Try to Outbound in the “Offseason”

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I don’t do much outbound marketing to sell domain names these days. In the past, I spent a fair amount of time reaching out to prospective buyers, and the timing of emails is important. I don’t have the data to share what day or time of day is best to send emails, but I do think it is important to send outbound sales pitch emails during the “offseason” or “shoulder season.”

When a company is busy taking or fulfilling orders, they are probably ignoring sales pitch emails. They are focusing on making money and responding to clients, and an email pitch to sell a domain name most likely go ignored. It can be difficult enough as a customer to get a response from a contractor or service provider during a peak season, so expecting a response to a sales pitch is silly. An outbound sales email could also make someone angry and too many spam reports can cause future deliverability issues.

A better time to send an email is during a slower time of the year for the business. During the off-peak times, the business operators are planning and budgeting for the next year or next season, and a domain name sales email will likely be more timely. Perhaps the company just finished a great season and is planning ahead for the next one. Even if they aren’t, it is more likely that an outbound email will receive more attention than during the peak season.

Seasonality depends on the type of business. An email targeting accountants probably shouldn’t be sent during corporate or personal tax filing seasons. Event planners probably shouldn’t be emailed during the Spring or Summer seasons. Almost every business has a time of year when the company is at its busiest and the management doesn’t have the time or desire to review sales emails. I try to time my emails based on that if I am able to know when it is busiest.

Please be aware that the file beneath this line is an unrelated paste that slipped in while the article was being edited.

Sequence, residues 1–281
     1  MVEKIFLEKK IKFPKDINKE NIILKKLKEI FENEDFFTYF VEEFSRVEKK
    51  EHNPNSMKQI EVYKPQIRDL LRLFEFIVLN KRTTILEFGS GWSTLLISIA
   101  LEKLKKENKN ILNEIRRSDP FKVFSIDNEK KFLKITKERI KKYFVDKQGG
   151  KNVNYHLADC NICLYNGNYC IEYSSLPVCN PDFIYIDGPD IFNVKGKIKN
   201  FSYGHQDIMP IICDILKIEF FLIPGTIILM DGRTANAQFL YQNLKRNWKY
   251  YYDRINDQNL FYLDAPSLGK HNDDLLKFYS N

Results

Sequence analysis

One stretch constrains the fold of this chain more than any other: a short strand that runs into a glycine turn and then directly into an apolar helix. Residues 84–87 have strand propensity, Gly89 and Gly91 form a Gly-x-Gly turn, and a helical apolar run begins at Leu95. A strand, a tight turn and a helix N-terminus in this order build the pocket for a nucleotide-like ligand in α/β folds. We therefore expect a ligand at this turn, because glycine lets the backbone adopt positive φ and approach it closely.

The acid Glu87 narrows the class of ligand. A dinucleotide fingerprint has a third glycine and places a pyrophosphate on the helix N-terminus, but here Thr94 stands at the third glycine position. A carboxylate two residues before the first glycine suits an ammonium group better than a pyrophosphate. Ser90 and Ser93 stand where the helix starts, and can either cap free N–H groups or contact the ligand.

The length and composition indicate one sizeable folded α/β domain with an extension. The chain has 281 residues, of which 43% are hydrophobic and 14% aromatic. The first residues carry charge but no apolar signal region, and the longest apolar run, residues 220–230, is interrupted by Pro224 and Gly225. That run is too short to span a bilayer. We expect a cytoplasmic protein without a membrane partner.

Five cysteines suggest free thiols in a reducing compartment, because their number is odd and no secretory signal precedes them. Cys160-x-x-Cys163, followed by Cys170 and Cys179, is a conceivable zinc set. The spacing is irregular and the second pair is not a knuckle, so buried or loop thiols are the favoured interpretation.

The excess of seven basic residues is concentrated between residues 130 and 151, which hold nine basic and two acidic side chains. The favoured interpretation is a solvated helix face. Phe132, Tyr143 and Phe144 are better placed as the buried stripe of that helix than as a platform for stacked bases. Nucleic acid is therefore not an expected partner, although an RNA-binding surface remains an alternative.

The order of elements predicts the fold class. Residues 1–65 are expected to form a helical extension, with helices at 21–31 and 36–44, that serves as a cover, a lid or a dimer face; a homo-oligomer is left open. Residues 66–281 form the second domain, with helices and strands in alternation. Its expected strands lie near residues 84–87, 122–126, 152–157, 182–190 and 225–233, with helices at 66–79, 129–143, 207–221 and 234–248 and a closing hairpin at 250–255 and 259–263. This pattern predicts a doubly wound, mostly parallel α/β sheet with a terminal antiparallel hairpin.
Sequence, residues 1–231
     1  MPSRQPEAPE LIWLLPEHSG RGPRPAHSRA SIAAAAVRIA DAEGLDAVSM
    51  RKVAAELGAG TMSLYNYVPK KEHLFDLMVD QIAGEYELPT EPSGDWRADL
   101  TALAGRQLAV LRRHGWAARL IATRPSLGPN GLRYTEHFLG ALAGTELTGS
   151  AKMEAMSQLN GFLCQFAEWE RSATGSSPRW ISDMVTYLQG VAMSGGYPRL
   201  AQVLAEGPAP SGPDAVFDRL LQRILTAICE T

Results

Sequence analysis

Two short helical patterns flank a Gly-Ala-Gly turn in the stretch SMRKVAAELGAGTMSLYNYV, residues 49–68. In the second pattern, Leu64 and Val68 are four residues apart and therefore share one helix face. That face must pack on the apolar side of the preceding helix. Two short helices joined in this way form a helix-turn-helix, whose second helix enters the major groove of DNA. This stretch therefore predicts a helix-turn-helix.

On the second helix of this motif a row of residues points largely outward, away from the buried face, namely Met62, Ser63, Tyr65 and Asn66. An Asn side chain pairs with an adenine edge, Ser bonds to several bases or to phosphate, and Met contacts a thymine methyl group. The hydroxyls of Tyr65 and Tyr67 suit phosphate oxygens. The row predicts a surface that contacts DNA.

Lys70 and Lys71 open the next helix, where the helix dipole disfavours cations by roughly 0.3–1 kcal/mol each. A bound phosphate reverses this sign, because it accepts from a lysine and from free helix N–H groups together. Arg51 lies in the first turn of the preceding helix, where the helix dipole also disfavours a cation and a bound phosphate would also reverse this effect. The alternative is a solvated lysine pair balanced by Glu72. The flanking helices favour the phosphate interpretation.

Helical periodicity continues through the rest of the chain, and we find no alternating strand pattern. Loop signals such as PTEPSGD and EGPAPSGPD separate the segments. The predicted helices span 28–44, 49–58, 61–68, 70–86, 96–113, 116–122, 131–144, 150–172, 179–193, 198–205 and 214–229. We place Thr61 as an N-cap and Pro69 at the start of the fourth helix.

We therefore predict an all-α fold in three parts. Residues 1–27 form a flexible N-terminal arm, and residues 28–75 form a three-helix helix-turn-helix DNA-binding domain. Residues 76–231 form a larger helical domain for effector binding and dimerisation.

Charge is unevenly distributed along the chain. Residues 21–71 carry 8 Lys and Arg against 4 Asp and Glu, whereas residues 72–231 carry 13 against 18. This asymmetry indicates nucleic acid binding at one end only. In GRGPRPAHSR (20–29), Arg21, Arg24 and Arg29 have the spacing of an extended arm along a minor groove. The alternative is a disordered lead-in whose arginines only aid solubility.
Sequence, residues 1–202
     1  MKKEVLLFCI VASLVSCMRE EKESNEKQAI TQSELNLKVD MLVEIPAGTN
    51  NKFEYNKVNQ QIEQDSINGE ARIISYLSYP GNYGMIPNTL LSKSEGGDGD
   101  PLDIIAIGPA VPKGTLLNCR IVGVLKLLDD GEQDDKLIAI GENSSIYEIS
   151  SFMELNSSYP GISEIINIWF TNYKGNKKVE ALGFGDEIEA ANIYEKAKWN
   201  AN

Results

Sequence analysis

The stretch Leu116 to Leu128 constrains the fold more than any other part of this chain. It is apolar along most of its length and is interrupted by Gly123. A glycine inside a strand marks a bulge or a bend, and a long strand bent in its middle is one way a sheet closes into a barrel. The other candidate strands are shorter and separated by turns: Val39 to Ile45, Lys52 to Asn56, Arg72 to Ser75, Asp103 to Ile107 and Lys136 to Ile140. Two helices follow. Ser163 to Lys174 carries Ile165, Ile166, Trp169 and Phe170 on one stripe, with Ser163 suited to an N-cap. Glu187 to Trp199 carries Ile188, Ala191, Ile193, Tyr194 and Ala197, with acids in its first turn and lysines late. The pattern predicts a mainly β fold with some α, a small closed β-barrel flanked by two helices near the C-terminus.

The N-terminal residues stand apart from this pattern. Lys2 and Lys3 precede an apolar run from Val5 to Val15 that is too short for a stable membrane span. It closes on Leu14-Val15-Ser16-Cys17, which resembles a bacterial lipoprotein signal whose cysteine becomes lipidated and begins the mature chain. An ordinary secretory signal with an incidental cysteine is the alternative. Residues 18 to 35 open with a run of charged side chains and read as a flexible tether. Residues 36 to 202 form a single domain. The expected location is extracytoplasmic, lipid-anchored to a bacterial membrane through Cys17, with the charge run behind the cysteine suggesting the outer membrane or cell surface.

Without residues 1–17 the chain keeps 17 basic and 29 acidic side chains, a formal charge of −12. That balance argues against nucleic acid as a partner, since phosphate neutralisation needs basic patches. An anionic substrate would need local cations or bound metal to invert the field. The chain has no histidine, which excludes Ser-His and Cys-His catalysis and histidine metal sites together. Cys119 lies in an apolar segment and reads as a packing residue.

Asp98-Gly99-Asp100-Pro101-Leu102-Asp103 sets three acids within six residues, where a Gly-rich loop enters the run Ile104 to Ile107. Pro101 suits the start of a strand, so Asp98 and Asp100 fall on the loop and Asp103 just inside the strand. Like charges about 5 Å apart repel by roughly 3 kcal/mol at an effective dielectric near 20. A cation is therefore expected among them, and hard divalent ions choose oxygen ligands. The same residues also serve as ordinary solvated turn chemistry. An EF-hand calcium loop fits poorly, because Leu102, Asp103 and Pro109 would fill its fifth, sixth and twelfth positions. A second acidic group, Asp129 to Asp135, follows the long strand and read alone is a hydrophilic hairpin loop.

I find myself thinking that one of my domain names would align with a particular business while that business is on my mind. Unfortunately, this probably means it’s peak time for that business. When I opt to do outbound, I generally pick and choose domain names at random from my portfolio. If I choose to send outbound emails, business seasonality plays a role in deciding which domain names to pitch and when.

About The Author: Elliot Silver is an Internet entrepreneur and publisher of DomainInvesting.com. Elliot is also the founder and President of Top Notch Domains, LLC, a company that has sold seven figures worth of domain names in the last five years. Please read the DomainInvesting.com Terms of Use page for additional information about the publisher, website comment policy, disclosures, and conflicts of interest. Reach out to Elliot: Twitter | Facebook | LinkedIn | Email

5 COMMENTS

  1. Hi Elliot
    It would be interesting to read one of those emails. Some keep it very simple while others expound on the alignment and potential. Long vs short copy has been an active discussion in general email marketing. Curious your take for domains.
    Best
    John

  2. I call the most attractive potential buyer (for high value domains) and then the next attractive potential. a call is so much better than an email but live time for a call is harder to plan in.

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